Bob Dylan: Live versions of 9 songs from “Blood On The Tracks”

A lot of people tell me they enjoy that album. It’s hard for me to relate to that. I mean, you know, people enjoying the type of pain, you know.
~Bob Dylan (to Mary Travers April 1975)

In stunning, total contrast to the previous album, Before the Flood, this 16th Dylan album triumphantly shows more subtlety and nuance than anything he’d ever done, and as honed a use of understatement as on John Wesley Harding. At the time this was the most unexpected leap of Dylan’s career. After years of comparatively second-rate work and a considerable decline in his reputation, here was an album to stand with Highway 61 Revisited and Blonde on Blonde.
~Michael Gray (The Bob Dylan Encyclopedia)

Blood on the Tracks is the fifteenth studio album by American singer-songwriter Bob Dylan, released on January 20, 1975 by Columbia Records.

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Full Dylan album covered: Blood On The Tracks

Full Dylan Album Covered: Bob Dylan – Blood On The Tracks

 

Blood on the tracks is my favourite Bob Dylan album, and it is the one of his albums I play most often. I love it, one of the best albums ever recorded.

This is a post where I have dug out some cover versions of the songs on the record, none of them are as good as the originals, but they’re good and they are interesting. Let us do it the old fashion vinyl  way.

This is side one:

1. Jerry Garcia Band – Tangled Up in Blue – 7/9/1977 – Convention Hall:

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Bob Dylan – The Times They Are a-Changin’ (released Jan 13, 1964)

The message isn’t in the words, …. I don’t do anything with a sort of message.
I’m just transferring my thoughts into music. Nobody can give you a message like that.
~Bob Dylan (to Ray Coleman, May 1965)

Dylan’s third album reflects his mood in August-October 1963. It is also a product for his need to live up to and expand on the role he found himself in, topical poet, the restless young man with something to say, singing to and for a new generation.
~Paul Williams (Bob Dylan Performing Artist I: The Early Years 1960-1973)

Released January 13, 1964 – 57 years ago today.

“The Times They Are A-Changin'” @ The White House in Feb 2010:

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Full Dylan album covered – Oh Mercy

“Oh Mercy (1989) is a collection of 10 songs, best listened to at night, if you’re inclined to take that gypsy caravan down into a mythic Louisiana bayou, a world conjured up by Bob Dylan and producer Daniel Lanois. Virtually every song is a highlight, from “Political World” (which sounds just as immediate today) to the bittersweet “Shooting Star.” It’s quite an ethereal voyage from beginning to end and should withstand the test of time.”
– Josh Downham (user review, Amazon)

It is a great collection of songs and there are many artists that have tried their luck in singing them, none as good as Dylan’s original versions (as usual) but there are some good ones out there. I have tried to collect some of the best.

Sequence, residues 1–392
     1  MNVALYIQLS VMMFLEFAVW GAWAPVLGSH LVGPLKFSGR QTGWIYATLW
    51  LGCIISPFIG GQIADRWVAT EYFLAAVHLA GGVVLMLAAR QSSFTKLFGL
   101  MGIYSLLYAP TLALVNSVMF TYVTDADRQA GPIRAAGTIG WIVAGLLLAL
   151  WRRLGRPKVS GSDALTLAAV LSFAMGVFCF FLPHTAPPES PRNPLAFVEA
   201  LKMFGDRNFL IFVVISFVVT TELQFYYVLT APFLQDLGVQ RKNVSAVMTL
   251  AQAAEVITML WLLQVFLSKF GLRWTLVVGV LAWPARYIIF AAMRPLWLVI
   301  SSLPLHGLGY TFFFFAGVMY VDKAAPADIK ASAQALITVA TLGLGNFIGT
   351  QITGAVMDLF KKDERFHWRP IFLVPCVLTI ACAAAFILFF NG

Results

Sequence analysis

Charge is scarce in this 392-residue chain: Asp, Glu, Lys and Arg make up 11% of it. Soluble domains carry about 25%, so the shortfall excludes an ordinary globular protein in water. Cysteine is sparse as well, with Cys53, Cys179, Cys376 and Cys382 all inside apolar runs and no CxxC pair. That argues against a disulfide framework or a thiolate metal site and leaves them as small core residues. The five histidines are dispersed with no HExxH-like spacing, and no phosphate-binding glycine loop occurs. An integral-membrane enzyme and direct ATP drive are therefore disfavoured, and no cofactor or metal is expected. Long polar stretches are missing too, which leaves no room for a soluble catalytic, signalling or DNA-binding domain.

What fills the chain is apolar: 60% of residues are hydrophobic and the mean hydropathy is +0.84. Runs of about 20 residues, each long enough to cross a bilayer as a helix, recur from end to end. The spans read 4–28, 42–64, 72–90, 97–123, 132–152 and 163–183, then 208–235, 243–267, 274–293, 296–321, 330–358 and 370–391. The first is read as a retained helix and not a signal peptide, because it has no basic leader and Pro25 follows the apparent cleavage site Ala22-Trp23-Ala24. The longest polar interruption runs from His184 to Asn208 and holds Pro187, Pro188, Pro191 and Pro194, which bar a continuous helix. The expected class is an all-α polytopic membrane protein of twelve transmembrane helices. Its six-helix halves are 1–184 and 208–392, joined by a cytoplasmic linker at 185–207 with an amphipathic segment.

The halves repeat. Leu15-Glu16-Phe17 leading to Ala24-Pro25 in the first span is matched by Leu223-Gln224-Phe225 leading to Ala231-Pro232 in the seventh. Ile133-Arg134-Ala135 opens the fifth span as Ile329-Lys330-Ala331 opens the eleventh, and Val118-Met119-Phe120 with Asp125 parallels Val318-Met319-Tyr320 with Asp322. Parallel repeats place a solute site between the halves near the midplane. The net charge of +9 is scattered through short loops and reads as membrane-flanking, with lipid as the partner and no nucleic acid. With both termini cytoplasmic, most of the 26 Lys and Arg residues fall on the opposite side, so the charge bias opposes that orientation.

My favourites are Ron Sexsmith, Gordon Lightfoot, Tom Jones and Willie Nelson.

Check Out more Full Dylan albums covered:

 

Nashville Skyline

Street Legal

Modern Times

Slow Train Coming

Infidels

and now Oh Mercy:

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Full Dylan album covered – Infidels

Full Dylan album covered – Infidels

Infidels is the twenty-second studio album by American singer-songwriter Bob Dylan, released on October 27, 1983 by Columbia Records.

Produced by Mark Knopfler and Dylan himself, Infidels is seen as his return to secular music, following a conversion to Christianity, threeevangelical, gospel records and a subsequent return to a secular, culturally Jewish lifestyle. Though he has never abandoned religious imagery, Infidels gained much attention for its focus on more personal themes of love and loss, in addition to commentary on theenvironment and geopolitics. Christopher Connelly of Rolling Stone called those Gospel albums just prior to Infidels “lifeless”, and sawInfidels as making Bob Dylan’s career viable again. According to Connelly and others Infidels is Dylan’s best poetic and melodic work since Blood on the Tracks. It has been reported that reviews like these of Dylan’s religious works depressed the musician profoundly, inspiring Dylan’s comment at one concert that he was only referred to as a “prophet” when he was a secular “prophet” (paraphrased). Continue reading “Full Dylan album covered – Infidels”

January 2: Elvis Presley released Elvis Country in 1971

“Elvis has come out with a record which gives us some of the very finest and most affecting music since he first recorded for Sun almost 17 years ago”- Peter Guralnick (Rolling Stone Magazine 1971)

“…Elvis was at his peak when he cut Elvis Country. Actually, Elvis Presley was positively on a roll at the time. A decade after the end of what were thought to be his prime years, he was singing an ever-widening repertory of songs with more passion and involvement than he’d shown since the end of the 1950s…”
~Bruce Eder (allmusic.com)

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